Johnson said he filed a complaint with Cal-OSHA, which inspected the plant in late 1985. Although Cal-OSHA found the plant in compliance with state laws, Johnson and other workers remain convinced they were exposed to PCBs and other toxics.
Shortly afterwards, the EPA inspected the plant and alleged numerous violations of the federal law governing handling of PCB equipment. The charges included transformers leaking PCB oils, inadequate record-keeping and improper storage of equipment using PCBs.
Last December, General Dynamics agreed to pay a $20,000 fine imposed by EPA. While company officials agreed to make the required changes, they admitted no wrongdoing.
Meanwhile, Roy Gunner, a San Diego attorney, said he filed a claim last year against the Navy on behalf of a Navy electronics technician who formerly worked at Plant 19. Gunner said Wednesday that the claim alleges that his client became sick from exposure to toxics at the plant.
Gunner said he also filed suit against General Dynamics last month in Superior Court in San Diego on behalf of the same client. Under federal law, Gunner said, he must await the Navy's response to his claim before he can file suit against the Navy.
Blood Samples Planned
Finally, John Shiposki, a representative with Local 3723 of the American Federation of Government Employees, which he said represents about 70 of the many hundreds of workers at Plant 19, contacted NIOSH, a branch of the U.S. Department of Health and Human Services.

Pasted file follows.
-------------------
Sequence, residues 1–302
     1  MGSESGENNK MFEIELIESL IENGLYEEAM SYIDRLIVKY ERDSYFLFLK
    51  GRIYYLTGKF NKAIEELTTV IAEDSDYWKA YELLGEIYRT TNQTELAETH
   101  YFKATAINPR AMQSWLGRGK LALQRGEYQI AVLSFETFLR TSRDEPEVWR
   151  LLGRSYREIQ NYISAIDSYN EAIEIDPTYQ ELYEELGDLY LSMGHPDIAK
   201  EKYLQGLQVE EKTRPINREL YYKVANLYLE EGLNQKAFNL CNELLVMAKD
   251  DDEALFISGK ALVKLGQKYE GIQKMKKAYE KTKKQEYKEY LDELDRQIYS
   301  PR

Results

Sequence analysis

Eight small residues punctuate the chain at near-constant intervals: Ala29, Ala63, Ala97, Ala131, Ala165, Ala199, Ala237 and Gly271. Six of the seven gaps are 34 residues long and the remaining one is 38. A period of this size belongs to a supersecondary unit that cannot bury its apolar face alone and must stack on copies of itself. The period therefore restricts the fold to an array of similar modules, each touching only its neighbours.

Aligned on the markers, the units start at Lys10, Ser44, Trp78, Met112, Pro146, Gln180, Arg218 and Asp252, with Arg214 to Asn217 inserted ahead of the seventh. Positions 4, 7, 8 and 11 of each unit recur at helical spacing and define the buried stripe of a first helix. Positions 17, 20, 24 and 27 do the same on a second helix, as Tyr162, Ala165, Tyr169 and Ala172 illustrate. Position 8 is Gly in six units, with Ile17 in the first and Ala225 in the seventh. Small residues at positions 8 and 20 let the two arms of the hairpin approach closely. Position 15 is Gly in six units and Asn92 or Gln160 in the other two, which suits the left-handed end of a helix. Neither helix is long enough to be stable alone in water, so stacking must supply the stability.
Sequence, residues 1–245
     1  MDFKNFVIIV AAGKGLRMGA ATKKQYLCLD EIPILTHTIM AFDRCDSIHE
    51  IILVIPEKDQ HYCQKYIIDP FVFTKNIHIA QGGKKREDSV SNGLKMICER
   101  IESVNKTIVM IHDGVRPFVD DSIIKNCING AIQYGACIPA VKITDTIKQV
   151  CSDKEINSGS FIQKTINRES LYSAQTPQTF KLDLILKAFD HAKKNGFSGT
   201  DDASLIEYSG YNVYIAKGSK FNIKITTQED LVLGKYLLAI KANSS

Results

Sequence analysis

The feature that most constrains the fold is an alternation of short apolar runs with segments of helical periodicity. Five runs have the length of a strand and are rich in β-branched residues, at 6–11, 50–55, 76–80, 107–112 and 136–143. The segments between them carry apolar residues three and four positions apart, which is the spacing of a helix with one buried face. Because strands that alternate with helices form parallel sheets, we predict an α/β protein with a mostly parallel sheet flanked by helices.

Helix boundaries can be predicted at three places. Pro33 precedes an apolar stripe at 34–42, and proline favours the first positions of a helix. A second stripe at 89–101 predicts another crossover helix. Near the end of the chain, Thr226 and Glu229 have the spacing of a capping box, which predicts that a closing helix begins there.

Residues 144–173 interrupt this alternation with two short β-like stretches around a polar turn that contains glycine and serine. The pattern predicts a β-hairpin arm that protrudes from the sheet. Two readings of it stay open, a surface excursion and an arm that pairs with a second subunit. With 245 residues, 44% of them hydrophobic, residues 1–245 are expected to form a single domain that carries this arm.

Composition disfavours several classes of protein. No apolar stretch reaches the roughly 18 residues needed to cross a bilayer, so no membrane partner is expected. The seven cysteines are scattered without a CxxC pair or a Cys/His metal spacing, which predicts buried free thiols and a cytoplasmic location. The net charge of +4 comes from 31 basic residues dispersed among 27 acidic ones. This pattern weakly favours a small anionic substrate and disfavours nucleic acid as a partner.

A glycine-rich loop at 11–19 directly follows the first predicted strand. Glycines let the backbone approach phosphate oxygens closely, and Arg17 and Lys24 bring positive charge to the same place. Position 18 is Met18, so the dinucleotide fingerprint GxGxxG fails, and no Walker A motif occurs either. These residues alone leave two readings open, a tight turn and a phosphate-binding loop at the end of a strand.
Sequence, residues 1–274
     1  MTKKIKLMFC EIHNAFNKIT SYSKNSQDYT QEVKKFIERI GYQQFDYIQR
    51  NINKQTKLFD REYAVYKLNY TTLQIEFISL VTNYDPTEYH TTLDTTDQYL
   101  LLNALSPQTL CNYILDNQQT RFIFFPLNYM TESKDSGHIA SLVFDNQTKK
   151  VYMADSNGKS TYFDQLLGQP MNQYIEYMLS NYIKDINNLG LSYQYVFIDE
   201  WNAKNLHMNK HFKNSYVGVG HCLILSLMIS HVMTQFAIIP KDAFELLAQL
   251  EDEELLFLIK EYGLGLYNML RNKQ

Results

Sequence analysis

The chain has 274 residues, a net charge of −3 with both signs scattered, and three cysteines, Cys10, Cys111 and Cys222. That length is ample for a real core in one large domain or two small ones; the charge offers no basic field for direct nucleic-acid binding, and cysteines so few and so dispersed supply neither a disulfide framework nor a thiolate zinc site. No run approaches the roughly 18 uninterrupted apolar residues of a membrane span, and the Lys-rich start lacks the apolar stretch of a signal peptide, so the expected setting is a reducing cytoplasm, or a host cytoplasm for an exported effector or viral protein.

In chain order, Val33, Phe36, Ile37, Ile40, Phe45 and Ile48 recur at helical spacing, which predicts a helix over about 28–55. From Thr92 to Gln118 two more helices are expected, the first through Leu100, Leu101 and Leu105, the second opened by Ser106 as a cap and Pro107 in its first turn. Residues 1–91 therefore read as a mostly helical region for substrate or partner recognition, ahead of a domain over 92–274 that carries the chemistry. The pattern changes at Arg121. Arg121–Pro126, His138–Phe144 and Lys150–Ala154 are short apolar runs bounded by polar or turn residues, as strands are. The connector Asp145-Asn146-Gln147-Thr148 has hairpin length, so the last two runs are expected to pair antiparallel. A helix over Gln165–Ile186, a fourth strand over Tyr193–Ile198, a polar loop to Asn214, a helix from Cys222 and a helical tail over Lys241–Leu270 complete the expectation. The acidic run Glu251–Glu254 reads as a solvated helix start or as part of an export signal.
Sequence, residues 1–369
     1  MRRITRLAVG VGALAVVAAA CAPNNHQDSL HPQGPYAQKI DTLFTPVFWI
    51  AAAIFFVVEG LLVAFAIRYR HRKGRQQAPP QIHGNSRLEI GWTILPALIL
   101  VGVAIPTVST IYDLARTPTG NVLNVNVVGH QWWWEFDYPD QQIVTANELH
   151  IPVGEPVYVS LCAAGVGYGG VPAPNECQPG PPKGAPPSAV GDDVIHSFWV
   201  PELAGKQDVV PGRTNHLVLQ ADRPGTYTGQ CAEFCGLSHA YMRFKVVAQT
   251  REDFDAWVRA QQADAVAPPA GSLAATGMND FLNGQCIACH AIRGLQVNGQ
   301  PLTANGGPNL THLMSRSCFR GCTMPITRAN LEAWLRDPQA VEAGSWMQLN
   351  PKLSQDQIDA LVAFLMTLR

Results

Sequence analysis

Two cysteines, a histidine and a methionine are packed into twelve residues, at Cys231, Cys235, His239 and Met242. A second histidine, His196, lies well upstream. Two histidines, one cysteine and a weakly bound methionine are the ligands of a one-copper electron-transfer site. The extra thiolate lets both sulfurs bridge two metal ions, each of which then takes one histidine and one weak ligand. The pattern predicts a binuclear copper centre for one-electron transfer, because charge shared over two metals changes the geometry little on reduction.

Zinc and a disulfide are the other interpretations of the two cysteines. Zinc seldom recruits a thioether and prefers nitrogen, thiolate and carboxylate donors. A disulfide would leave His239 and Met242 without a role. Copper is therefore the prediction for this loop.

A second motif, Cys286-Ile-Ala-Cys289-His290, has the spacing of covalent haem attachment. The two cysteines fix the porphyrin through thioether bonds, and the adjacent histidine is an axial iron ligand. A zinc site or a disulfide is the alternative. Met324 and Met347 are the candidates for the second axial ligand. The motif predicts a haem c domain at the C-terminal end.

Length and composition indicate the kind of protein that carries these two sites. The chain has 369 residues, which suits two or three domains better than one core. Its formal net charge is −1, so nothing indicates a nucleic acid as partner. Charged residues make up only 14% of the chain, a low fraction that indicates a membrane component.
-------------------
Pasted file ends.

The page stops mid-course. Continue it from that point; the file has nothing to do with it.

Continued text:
As a result, Albrecht and two other NIOSH officials visited the plant in February and met with representatives of all sides. After that initial two-day visit, they decided to conduct a more complete evaluation in May, Albrecht said Wednesday.
Albrecht said the team would take blood samples from any current and former workers, who are to be brought together by Shiposki. He said they would sample the blood for the presence of PCBs, which depending upon their makeup, can last years in the blood stream.
He said an industrial hygienist will also take air samples in the plant and analyze them for airborne PCBs. Albrecht said NIOSH expects to concentrate on PCBs because those appear to be the source of greatest concern.
"In situations like this, people often experience symptoms before any given agents are identified," said Albrecht, who is part of the hazard evaluation unit of NIOSH. " . . . They just want answers, and our agency helps to find those answers."